Small World: An Academic Romance
Later the Same Day
Almost single-handedly, David Lodge has done what many would have thought impossible. He has taken a moribund—some might have said dead—minor genre, the academic novel, from its sickroom, set it on its feet, given it a slap or two, and sent it out to places it has never entered before. The genre was at its best during the 1950s when nonacademic novelists and poets in considerable numbers began to take jobs as “writer in residence” in institutions of higher learning, particularly “progressive” ones; often they came away astounded by what they had seen—and eager to tell. Some of the academics themselves, less than enthralled by the scholarly pursuits for which they were trained, decided to try writing a novel—and naturally chose the subject closest to their eyes or spleen. The liveliest productions of that period can still be recalled—and reread—with pleasure: Mary McCarthy’s The Groves of Academe, Kingsley Amis’s Lucky Jim, and that small masterpiece, Randall Jarrell’s Pictures from an Institution. At their best, such novels combined exuberant satire of academic types and the positions (both intellectual and hierarchical) they held with a kind of knock-about comedy that often slipped into farce (Lucky Jim cutting up the bed sheets). Occasionally one found, as with C.P. Snow’s The Masters, a sober meditation on the workings of academic power.
What happened, of course, is that the academic novel soon became a vehicle for settling professional or personal scores and venting petty hostilities. A smug knowingness replaced the earlier exuberance; types quickly degenerated into stereotypes: the embittered faculty wife, the English department wimp, the platitudinous fraud, etc. Campus adultery or other forms of sexual irregularity became the chief centers of action. The genre turned sour, reaching what I recall as its nadir in an ill-natured novel called Party at Cranston, which exposed the alleged impotence of one (thinly disguised) literary critic of distinction and the sexual rapacity of another of comparable fame or notoriety. Well before the campus storms of the late Sixties uprooted a number of longstanding assumptions, the academic novel had become as unfashionable (with readers and publishers alike) as the giant tail-finned cars of the decade when it most thrived.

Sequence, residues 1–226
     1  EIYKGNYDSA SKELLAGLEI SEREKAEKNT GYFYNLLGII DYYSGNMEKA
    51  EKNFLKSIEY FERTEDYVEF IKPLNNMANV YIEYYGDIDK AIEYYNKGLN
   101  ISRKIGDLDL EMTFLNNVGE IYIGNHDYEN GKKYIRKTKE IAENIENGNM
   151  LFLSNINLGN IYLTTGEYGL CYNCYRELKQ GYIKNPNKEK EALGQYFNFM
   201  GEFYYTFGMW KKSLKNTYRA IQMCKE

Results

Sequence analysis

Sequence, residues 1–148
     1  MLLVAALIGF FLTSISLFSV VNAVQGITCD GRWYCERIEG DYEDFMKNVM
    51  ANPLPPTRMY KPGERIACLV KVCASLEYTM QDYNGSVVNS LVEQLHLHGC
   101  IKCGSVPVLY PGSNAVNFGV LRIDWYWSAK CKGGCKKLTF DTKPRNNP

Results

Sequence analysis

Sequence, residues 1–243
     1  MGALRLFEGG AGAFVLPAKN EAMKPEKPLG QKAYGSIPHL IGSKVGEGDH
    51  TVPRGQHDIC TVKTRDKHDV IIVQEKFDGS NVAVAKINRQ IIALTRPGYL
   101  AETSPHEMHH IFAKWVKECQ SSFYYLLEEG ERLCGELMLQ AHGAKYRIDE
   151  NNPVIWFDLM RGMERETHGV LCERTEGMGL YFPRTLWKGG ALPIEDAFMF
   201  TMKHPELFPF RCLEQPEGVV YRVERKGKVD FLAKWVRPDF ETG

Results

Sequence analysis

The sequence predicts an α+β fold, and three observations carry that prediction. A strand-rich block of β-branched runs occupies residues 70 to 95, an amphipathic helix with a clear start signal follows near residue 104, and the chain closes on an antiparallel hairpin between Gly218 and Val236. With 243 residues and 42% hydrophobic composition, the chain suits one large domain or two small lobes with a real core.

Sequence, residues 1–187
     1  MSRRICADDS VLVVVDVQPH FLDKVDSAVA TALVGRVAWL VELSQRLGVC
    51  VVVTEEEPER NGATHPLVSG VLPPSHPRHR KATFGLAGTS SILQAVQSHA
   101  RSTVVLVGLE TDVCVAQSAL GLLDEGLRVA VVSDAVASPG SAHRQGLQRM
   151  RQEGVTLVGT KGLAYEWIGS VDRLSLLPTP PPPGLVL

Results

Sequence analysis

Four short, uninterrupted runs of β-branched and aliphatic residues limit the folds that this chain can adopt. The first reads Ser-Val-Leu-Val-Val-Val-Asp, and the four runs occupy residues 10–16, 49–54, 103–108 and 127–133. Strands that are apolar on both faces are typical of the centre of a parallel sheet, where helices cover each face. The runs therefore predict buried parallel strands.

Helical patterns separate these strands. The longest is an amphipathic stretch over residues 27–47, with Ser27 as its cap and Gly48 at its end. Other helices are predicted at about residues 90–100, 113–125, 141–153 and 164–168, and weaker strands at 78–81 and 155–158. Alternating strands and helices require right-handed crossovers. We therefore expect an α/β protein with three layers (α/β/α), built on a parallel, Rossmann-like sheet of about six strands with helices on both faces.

What David Lodge has managed to do is to make the genre international, and to reveal new sources of satiric enjoyment in some of the exotic growths that have sprung up in the wake of the 1960s. In Changing Places (1975), he lifted a dully domesticated and ambitionless Englishman, Philip Swallow, from the red-brick University of Rummidge (roughly Birmingham) where he taught and sent him to Euphoric State University (roughly Berkeley) just in time for all the action in 1969; while at the same time transporting Morris Zapp, a brash, cigar-chewing structuralist, from Euphoria to the humdrum precincts of Rummidge. The transatlantic comedy of Changing Places—the comedy of cultural displacement and moral confusion—is handled not only with wit and ingenuity but with knowledge: Lodge knows the American …